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4 of 4 people found the following review helpful By Free Radical on 13 April 2009
Format: Paperback
This is one of the definitive Flashman books, a cracking read with all the ingredients that made the series so successful: wild adventure, uproarious humour, thrills, spills and skulduggery galore. The historical vignettes, military action and character sketches are all (as ever) meticulously researched with fact and fiction skillfully woven together and, when recounted in Flashman's inimitable voice, they absolutely leap off the page.

I won't bore you with a plot summary; suffice to say that the Crimean War (especially the Charge of the Light Brigade) was never funnier. Newcomers should ideally start at the beginning of the series but if you want a quick introduction to what all the fuss is about, this is as good a place to find out as any.
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4 of 4 people found the following review helpful By James Connolly on 11 April 2006
Format: Paperback
If there's a bad flashman I ain't read it - another great piece of fiction by George MacDonald Fraser. This is a great book and in my opinion one of the best of the twelve second only to The Great Game. This story sees our randy coward roger his way from London to Asiatic Russia via the Crimea and the Charge of the Light Brigade. This book has more grand scale action than normal for our reluctant hero who agains shys and cads his way to heroism taking part in some of the most famous battles of the 19th Century albeit against his will. I hope we see more of this great character and hopefully a book will be written on his adventures in the American Civil War. Bravo Sir Harry!!
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3 of 3 people found the following review helpful By Peter Symonds on 25 Jan 2008
Format: Paperback
Flashman at the charge is one of the late George McDonald Fraser's greatest works. The plot, with Flashman being disgraced in London, ending up in the Crimea where he charges with the heavy brigade, stands with the thin red line and then charges with the light brigade before being captured by cossacks and ending up in central asia where he saves India from Russian invasion is a proposterous as you'd imagine.... except it fits all the facts.

The genius of GMF is his historical research. When he wrote the first Flashman the author must have sketched out the plots for 10 books, checked time lines then researched like no other historical researcher ever. Its amazing how many historical photos exist of famous Kings and Generals with an unknow stranger with big cavalry whiskers standing in the background. My father has a painting 'the thin red line' depicting the Highlanders stand at Balaclava... and wouldn'y you know it- there's a big chap with cavalry whiskers in the corner of the picture. It always makes me laugh.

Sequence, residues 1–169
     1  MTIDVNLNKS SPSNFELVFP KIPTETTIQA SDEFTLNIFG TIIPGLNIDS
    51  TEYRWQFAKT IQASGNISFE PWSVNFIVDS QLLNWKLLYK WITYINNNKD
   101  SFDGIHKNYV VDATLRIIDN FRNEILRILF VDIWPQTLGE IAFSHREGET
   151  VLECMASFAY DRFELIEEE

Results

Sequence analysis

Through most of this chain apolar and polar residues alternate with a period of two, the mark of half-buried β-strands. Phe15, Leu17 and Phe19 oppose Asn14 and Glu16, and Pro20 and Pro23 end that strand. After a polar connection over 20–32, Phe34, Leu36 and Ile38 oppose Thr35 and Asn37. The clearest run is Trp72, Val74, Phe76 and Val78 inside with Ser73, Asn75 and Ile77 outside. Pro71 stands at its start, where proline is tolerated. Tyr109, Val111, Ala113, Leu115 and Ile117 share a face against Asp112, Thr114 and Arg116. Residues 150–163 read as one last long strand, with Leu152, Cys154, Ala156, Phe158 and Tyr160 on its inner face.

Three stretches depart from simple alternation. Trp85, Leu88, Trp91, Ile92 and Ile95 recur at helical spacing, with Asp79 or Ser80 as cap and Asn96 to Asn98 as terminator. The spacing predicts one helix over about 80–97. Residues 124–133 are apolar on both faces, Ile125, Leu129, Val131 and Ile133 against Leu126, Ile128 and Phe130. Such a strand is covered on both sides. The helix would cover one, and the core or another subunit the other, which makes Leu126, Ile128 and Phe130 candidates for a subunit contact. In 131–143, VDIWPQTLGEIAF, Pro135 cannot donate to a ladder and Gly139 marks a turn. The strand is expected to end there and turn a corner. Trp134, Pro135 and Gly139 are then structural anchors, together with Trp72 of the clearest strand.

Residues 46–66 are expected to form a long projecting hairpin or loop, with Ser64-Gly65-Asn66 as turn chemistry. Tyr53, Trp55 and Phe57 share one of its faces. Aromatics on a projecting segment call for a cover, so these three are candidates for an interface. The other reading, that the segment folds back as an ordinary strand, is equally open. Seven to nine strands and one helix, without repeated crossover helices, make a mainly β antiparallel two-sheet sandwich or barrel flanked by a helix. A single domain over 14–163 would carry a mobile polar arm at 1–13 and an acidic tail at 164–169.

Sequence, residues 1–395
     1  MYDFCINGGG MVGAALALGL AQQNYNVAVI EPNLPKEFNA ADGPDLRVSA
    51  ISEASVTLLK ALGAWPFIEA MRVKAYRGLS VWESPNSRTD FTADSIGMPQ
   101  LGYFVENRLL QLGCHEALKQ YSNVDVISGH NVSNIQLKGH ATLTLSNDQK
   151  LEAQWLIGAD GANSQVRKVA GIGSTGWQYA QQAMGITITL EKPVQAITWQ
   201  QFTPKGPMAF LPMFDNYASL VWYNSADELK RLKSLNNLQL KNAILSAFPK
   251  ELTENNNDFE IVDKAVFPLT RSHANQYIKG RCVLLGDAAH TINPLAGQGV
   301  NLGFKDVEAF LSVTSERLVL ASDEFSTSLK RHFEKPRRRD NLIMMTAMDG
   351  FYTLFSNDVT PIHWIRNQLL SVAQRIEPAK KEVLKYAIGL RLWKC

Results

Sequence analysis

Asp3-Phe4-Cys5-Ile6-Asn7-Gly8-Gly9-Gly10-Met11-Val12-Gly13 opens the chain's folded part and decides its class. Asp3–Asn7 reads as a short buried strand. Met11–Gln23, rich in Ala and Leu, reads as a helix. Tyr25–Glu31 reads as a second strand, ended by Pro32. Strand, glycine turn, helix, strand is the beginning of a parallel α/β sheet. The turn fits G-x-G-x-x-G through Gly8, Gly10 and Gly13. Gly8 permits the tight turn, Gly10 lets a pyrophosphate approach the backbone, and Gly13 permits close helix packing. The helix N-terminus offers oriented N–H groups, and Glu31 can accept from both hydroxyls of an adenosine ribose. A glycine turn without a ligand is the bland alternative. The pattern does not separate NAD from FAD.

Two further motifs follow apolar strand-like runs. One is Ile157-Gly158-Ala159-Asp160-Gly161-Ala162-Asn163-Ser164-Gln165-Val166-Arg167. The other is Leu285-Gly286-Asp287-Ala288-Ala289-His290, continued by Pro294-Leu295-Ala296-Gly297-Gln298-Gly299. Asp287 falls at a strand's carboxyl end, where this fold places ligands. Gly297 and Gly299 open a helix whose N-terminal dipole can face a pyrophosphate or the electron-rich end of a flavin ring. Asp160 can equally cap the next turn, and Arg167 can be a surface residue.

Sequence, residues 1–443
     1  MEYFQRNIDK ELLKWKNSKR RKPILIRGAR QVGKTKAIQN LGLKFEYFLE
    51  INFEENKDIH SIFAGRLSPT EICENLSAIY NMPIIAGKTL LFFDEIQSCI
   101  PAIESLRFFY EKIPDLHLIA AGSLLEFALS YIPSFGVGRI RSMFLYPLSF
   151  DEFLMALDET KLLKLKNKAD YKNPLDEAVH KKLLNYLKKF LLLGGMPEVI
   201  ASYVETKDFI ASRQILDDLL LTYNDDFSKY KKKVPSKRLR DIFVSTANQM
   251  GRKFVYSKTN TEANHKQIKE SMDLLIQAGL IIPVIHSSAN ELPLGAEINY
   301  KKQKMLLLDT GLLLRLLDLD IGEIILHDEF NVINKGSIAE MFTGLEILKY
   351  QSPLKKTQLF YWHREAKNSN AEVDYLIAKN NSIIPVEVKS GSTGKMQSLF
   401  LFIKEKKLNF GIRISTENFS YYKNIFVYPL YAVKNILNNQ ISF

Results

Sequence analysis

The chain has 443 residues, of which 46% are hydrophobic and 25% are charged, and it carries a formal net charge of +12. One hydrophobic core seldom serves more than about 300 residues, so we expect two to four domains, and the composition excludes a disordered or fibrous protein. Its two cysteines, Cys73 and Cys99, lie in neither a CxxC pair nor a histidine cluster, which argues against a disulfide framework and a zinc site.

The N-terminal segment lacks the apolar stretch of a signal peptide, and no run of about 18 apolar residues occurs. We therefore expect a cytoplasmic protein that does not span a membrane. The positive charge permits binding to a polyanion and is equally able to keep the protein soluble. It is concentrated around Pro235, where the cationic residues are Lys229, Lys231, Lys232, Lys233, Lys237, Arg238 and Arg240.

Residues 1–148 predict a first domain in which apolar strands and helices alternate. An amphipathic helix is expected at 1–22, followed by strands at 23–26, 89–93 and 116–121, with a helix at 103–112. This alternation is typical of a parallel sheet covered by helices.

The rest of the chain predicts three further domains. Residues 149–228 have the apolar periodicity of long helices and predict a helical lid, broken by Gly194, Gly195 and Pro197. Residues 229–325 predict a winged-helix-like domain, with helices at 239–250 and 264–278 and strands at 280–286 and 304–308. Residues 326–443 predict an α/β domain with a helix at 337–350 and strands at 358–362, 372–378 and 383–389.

If you've never read Flashy start with 'Flashman' then read this one. Because they're written as packets they stand alone very well.
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11 of 12 people found the following review helpful By Andy (aaamack@omantel.net.om) on 30 Aug 2001
Format: Paperback
A hugely enjoyable read as we follow our 'hero' to the Crimea and Central Asia where he gets embroiled in all sorts of capers. Intent on one course of action, Flashy, as usual, ends up doing quite another and, as usual, comes up 'smelling of roses'
In places this is the best of the 'Flashman' novels I have read (I've currently read the first four). The first third of the book are excellent, detailing as it does Flashman's Crimean War memoirs, but the later sections detailing his
imprisonment in a Russian house, and later, his exploits as a member of a Central Asian tribe fighting Russian encroachment is somewhat less inspired.
The story briefly starts with our 'hero' preparing for war by trying to hide away in the Board of Ordance, but unfortunately for him he is made the guardian of a German Prince, Prince William of Celle, who is studying the art of soldiering, so off to the Crimea he must go.
Once in the Crimea, Flashy, who is employed as a 'galloper' (messenger) is witness to some of the great battles of British military history. He gets caught up in the Battle of the Alma, where unfortunately his charge, the hapless and randy William is killed. But what happens later firmly plants Flashy as one of the great warriors of the British Army; ever !
Whilst trying desperately to avoid any hint of danger, Flashy inadvertently finds himself, not only present at the Battle of Balaclava, but becoming an integral part of it. He becomes a member of the 'Thin Red Line', one of General Scarlett's Heavy Brigade, charging uphill into the Russian cavalry and later, most famously, as one of 'the six hundred' who charge the Russian guns at the North Valley, better known as the 'Valley of Death' in what passed into legend as, 'the Charge of the Light Brigade'.